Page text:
CARSON CITY — Nevada officials have begun awarding contracts for “green jobs” training projects that will be funded by federal money, and one consulting contract for at least $48,000 has been awarded to a Clark County commissioner.
The contract was awarded by the Department of Employment, Training and Rehabilitation to Lawrence Weekly. According to internal documents at the Legislature, the purpose of the contract was listed as “green jobs training coordinator — Southern Nevada,” with the contract starting last month.
Weekly said that although he has seen other elected officials accept state contracts, he held off on accepting the offer because he feared a conflict of interest.
“I didn’t sign and start it until May,” Weekly said. “I thought that might be a concern if I’m an elected official and working for the state.”
Weekly said he asked the Clark County district attorney’s office for an opinion and was told that based on his role, there was not a conflict.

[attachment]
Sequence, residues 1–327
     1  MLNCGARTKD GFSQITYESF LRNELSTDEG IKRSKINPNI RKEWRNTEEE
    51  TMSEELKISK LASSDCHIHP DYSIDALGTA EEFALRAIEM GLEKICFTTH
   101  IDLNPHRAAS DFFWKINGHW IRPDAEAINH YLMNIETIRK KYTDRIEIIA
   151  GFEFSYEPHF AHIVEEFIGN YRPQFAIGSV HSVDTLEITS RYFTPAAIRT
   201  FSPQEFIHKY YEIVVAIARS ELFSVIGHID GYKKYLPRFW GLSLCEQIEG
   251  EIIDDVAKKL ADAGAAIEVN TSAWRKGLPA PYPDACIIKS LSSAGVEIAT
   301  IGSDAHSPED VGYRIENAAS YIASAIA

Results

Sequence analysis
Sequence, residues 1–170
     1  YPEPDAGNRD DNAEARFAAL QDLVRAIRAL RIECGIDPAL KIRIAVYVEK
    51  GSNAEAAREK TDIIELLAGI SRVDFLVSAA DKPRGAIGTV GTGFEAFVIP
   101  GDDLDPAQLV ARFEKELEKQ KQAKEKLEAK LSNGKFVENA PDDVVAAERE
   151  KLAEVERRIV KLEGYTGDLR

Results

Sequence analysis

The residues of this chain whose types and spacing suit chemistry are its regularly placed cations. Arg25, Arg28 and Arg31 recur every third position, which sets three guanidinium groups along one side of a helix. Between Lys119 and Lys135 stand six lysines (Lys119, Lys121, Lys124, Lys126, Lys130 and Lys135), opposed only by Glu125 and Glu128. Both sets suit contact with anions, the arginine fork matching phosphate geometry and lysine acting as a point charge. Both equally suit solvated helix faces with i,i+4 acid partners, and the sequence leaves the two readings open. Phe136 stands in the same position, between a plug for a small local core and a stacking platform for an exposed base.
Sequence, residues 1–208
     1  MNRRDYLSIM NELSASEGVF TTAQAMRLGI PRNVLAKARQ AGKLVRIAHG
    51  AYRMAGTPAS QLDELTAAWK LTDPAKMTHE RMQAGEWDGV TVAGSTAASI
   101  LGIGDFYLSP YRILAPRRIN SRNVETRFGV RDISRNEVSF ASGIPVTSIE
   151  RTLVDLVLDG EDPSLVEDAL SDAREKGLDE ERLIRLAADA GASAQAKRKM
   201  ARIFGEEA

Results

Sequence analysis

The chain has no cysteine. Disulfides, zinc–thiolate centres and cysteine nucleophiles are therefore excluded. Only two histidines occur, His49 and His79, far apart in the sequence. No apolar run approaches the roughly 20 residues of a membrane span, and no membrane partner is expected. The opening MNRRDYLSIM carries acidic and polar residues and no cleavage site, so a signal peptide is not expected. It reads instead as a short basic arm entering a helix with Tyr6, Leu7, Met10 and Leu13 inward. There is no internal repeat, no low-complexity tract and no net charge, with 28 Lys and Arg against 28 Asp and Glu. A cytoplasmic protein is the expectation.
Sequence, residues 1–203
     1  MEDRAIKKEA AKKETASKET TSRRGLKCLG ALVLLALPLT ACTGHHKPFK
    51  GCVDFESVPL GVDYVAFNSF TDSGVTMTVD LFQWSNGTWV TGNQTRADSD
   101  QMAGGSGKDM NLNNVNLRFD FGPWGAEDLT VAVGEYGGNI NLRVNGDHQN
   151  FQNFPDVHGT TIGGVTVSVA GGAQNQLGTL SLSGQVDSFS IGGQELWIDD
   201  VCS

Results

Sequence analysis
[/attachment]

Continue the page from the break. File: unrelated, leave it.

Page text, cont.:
DETR spokeswoman Mae Worthy explained that the department awarded a contract to a private job agency for $120,000 to fund two part-time positions. Both will facilitate a program to train a renewable energy work force how to weatherize homes and increase energy efficiency. The job agency then entered into the contracts.
Weekly’s contract was listed in the Legislature’s documents as $60,000, but Weekly says he will get about $48,000. Job agencies charge fees which could explain the difference.
Weekly said he was hired to conduct outreach and help develop curriculum for training programs.
Assemblywoman Debbie Smith, D-Sparks, has been working on legislation that would restrict the state’s ability to award contracts to elected officials and public employees. Her bill, AB463 passed out of both houses and was sent to Gov. Jim Gibbons last week.
“His contract was clearly listed by the agency as a consulting agreement,” Smith said. “Why are they using a temp agency? When you use a temp agency it costs us a lot more money.”
Smith also noted the contract was granted even before major legislation related to the “green jobs” initiative, SB152, was passed. That bill contains the language governing how those contracts should be awarded.
“I think we have to be really vigilant about the process of hiring consultants,” Smith said. “And considering that we hired this consultant and we haven’t even passed the bill about green jobs, that concerns me. Not because of the person but because of the process.”